Standing in the Bundesliga is on the rise

Jon Darch, who runs the Safe Standing Roadshow, looks at how standing is on the rise in the Bundesliga.

Last week I came across a piece of news from the Bundesliga that will make all supporters of safe standing green with envy! Officials at third-placed Bayer Leverkusen announced that they had listened to fans’ requests for more standing capacity at their BayArena ground, and would be removing seats from behind the goal to increase this by 50% during the close season.

“We’ve been repeatedly approached by supporters’ representatives saying that the demand for standing spaces is greater than we currently offer. Adding more standing capacity will also considerably enhance the atmosphere and the support for our team in the stadium,” said Bayer 04 chief executive Wolfgang Holzhäuser. A fans’ survey had shown that younger fans in particular were keen to add to the atmosphere from a standing area behind the goal. “We checked that this was structurally feasible and got the ‘green light’ for the new layout from the authorities,” explained Holzhäuser.

Isn’t it great to hear a club chief executive responding so positively to his supporters’ wishes! At Bayer Leverkusen a 50% increase in standing may only mean an extra 1,000 fans to take the total standing capacity in their 30,000-stadium to 3,000, but it is a big percentage increase all the same.

And that got me wondering. I recall back in 2007 the then sports minister, Richard Caborn, suggested that those of us who were campaigning for safe standing were out of sync with the times. Standing was somehow an anachronism. Franz Beckenbauer had told him, he said, that even in Germany the trend was to move away from standing. So was he right? Are we all out of step with the Bundesliga Zeitgeist? Are Bayer Leverkusen a weird exception? Let’s take a look, starting with Der Kaiser’s own club, Bayern Munich.

In partnership with poor relations 1860 Munich, they built the shiny new Allianz Arena around ten years ago, opening the doors in 2005. While they have always allowed around 13,000 fans to stand, this was initially behind conventional seats. The Bayern fans didn’t like that. They wanted a proper standing area. So the club listened. In 2006 they removed two blocks of seats from behind the goal at the home end to create just that. Six years later, i.e. just last year, they removed more seats for the same purpose (putting them all back in for Champions League games in order to comply with UEFA’s all-seater rule).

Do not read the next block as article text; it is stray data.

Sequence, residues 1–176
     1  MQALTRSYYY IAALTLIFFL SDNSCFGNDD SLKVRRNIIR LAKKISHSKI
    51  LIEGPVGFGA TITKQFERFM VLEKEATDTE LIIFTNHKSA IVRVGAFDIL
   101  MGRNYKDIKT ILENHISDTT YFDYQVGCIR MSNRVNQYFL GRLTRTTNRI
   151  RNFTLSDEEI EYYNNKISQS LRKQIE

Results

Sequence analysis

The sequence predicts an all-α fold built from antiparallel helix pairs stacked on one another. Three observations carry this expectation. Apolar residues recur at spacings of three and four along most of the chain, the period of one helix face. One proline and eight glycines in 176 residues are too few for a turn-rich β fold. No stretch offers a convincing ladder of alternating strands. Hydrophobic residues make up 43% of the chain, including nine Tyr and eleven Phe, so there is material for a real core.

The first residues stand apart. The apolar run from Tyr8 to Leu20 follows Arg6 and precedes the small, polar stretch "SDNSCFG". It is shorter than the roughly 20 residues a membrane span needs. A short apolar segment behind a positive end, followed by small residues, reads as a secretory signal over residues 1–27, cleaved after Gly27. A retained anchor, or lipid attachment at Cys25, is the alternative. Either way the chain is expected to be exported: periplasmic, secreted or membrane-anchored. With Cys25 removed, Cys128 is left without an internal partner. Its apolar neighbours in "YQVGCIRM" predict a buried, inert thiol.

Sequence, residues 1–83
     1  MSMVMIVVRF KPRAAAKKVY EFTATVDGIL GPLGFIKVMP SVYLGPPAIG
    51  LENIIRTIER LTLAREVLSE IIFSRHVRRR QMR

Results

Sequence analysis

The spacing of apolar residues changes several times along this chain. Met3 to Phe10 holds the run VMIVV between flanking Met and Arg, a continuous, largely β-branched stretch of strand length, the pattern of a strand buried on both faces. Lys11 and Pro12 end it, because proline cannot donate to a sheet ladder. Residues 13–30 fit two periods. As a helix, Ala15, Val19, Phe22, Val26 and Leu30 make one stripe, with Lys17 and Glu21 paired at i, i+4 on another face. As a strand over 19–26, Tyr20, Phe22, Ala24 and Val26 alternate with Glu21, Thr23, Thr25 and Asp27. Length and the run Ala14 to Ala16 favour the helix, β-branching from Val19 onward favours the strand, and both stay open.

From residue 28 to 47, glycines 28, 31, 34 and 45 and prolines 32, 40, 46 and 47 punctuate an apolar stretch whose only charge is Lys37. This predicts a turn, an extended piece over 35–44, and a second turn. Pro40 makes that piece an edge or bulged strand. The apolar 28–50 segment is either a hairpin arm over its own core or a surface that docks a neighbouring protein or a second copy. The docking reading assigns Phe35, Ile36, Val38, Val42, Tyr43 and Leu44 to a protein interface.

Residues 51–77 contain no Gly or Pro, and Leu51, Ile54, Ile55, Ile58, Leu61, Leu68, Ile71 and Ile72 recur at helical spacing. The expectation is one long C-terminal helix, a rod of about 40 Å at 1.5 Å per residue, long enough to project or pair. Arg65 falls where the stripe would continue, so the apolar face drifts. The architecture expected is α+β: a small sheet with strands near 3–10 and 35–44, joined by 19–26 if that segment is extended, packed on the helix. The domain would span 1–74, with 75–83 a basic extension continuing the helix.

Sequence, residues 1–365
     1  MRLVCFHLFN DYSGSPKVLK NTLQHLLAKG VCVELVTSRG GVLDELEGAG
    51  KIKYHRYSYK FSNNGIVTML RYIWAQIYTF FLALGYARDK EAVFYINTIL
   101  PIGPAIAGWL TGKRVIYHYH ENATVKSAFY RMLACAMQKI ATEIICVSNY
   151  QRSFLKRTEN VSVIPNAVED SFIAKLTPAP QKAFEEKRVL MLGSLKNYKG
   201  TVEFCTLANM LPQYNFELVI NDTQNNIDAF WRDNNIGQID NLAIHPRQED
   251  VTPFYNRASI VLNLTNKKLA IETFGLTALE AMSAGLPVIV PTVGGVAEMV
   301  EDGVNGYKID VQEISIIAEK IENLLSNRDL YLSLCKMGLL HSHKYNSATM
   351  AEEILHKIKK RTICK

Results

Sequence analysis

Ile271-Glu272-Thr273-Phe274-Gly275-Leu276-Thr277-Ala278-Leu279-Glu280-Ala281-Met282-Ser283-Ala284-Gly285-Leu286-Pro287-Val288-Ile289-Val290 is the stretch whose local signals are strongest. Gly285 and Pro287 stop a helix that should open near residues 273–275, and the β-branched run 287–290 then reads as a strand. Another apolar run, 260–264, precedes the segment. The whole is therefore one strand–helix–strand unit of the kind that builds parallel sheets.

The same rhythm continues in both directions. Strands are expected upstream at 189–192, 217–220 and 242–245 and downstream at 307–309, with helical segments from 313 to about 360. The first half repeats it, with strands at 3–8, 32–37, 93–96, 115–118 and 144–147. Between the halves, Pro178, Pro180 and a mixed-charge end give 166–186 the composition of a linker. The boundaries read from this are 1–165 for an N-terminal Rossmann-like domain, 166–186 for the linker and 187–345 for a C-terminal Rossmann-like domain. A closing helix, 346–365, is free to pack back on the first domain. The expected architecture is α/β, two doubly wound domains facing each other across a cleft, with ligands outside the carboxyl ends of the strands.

Moving down the current Bundesliga table we come to reigning champions Borussia Dortmund. Their hugely impressive ground was built for the 1974 World Cup. In the years that followed, Dortmund’s crowds outgrew the existing stadium and the ground was enlarged in stages to its current 81,264 capacity. In the process 10,000 standing spaces were added to the South Stand, aka ‘The Yellow Wall’. Using rail seats for this additional area, the development took the total capacity of that stand to 25,000, the largest single standing area in Europe.

In fact, of the current 18 top-flight teams a further 10 have added extra standing in the period since Borussia Dortmund added those extra 10,000 spaces to the Yellow Wall. VfB Stuttgart, for instance, added 5,165 standing spaces, in part using rail seats, when they redeveloped their Mercedes-Benz Arena in 2011; HSV in Hamburg added 3,000 spaces, also in part using rail seats, in 2010; at Fortuna Düsseldorf a promise to the fans that standing would be introduced into the multi-purpose Esprit Arena if the club gained promotion was kept and in 2010 seats were removed to provide standing for 9,917 fans.  FSV Mainz 05 and TSG 1899 Hoffenheim's moves to new stadia meant respective increases in standing capacity of 23% and 366%, while 1. FC Nuremberg, Werder Bremen, SC Freiburg and SpVgg Greuther Fürth have all increased their standing capacity in recent seasons too.

Like us, the fans of Fortuna Düsseldorf campaigned long and hard for proper standing areas in their ground. Their 'Stonn op' campaign was ultimately successful because the powers that be in Düsseldorf, as at all the other clubs mentioned above, were prepared to listen to the supporters’ reasonable requests and like the CEO of Bayer Leverkusen could see the benefits provided by standing fans.

Contrary to what Mr Caborn professed several years ago, it is not a move towards all-seater grounds but a move towards ever-increased fan engagement and additional standing capacity that typifies the Bundesliga Zeitgeist of today.

As ever increasing numbers of Premier League and Football League clubs show their support for safe standing trials, let’s hope that administrators and politicians in this country soon come into sync with the spirit of the age.

Thanks to the Safe Standing Roadshow for the picture used in this blog